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Overview for Parents in a Florida Dependency Court

Posted by attorney Charles Kelly

When it is believed that a child within the boundaries of the State of Florida has been harmed or is about to be harmed anyone can all the Florida Abuse Hotline (1-800-96ABUSE) and report what they believe is going on. If that call is accepted (there are some that are not) a call is made from the Hotline Center to the local office of the Florida Department of Children and Families (DCF) and an investigator is dispatched to conduct an investigation. The investigator has a number of options available to them including the power to take emergency custody of the child or children and move them to a safe location. They do not have to inform the parents where the children are being taken.

Within 24 hours there is a court hearing (Shelter hearing) where at DCF and their lawyer must convince the Court that the dangers remains and the children must stay safe at the location DCF found for them.

There are a number of things that can happen at a Shelter hearing, but this article is written under the premise that the Shelter was granted and the children are now placed away from their parents. It attempts to let the parents know what they can expect from being in a moment when the State of Florida has declared that their children have been abused or neglected.

How Do You Get Your Child Back Home?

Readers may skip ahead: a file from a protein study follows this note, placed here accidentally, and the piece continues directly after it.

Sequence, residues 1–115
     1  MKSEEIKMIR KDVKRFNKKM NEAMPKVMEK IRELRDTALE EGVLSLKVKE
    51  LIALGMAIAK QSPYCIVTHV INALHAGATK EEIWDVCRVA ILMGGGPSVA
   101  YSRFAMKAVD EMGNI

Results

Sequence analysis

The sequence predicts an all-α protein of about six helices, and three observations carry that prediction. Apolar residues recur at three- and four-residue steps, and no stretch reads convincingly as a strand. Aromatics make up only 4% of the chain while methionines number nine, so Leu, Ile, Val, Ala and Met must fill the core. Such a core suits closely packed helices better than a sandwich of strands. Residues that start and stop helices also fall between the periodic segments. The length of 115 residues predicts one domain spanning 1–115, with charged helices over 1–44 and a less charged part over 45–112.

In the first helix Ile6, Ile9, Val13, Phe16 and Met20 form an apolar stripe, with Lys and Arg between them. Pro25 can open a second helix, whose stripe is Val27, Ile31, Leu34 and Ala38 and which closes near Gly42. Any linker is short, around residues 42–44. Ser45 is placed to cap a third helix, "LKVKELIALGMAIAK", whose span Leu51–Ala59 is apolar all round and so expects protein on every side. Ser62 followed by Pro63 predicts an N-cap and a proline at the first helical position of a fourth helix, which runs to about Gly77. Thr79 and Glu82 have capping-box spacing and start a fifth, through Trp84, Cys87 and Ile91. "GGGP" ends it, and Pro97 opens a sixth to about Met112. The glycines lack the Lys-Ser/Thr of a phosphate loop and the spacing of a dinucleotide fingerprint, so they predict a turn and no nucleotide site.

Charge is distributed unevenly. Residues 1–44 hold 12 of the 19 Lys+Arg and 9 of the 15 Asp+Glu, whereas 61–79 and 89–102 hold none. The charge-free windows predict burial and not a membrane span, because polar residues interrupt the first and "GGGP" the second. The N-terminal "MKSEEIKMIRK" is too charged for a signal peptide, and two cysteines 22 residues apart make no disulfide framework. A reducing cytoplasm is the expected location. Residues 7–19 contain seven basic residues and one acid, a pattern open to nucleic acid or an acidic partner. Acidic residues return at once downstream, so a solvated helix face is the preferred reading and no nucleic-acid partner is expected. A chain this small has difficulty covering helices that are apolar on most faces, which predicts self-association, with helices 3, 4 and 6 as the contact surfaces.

Children grow best in a permanent, safe and loving family. When they are removed from their homes, it is best for them to return as soon as possible. For your child to be returned to you, you must make your home safe and ensure proper care of your child within certain time limits. When children cannot return to their families, another permanent, safe home will be found for them often through adoption.

Your Case Manager

DCF and/or the Community Based Care Agency will assign a Case Manager for your child and family. When you go to Court, you should be given that person’s name and phone number.

Your Case Manager should:

  • Help you understand the problems that brought you to Court;
  • Help you work on the steps you must take to have your child returned to you; and
  • Maintain regular contact with you and your child.

Your Case Manager will need the following information to care for your child:

  • Birth certificate;
  • Medical insurance coverage.
  • Immunization record.
  • Family medical history.
  • Social security card.
  • Your wage and income information.
  • Names and addresses of relatives who might be able to take care of your child.
  • Identifying information for both parents including names, addresses, social security numbers, birth dates and phone numbers.

You should tell your Case Manager how you can be contacted and of any changes of address if you move. If you do not hear from your Case Manager for a while, or if you have questions or problems, call your Case Manager.

Your Attorney

If you qualify and request one, the Court will appoint an Attorney for you. Or, you may want to hire your own attorney. Your attorney represents your rights and your wishes in the case.

Your Attorney should:

  • Talk with you before every hearing and speak for you in Court;
  • Help you understand your rights; and
  • Tell you about the hearings you will attend and what to expect at each hearing.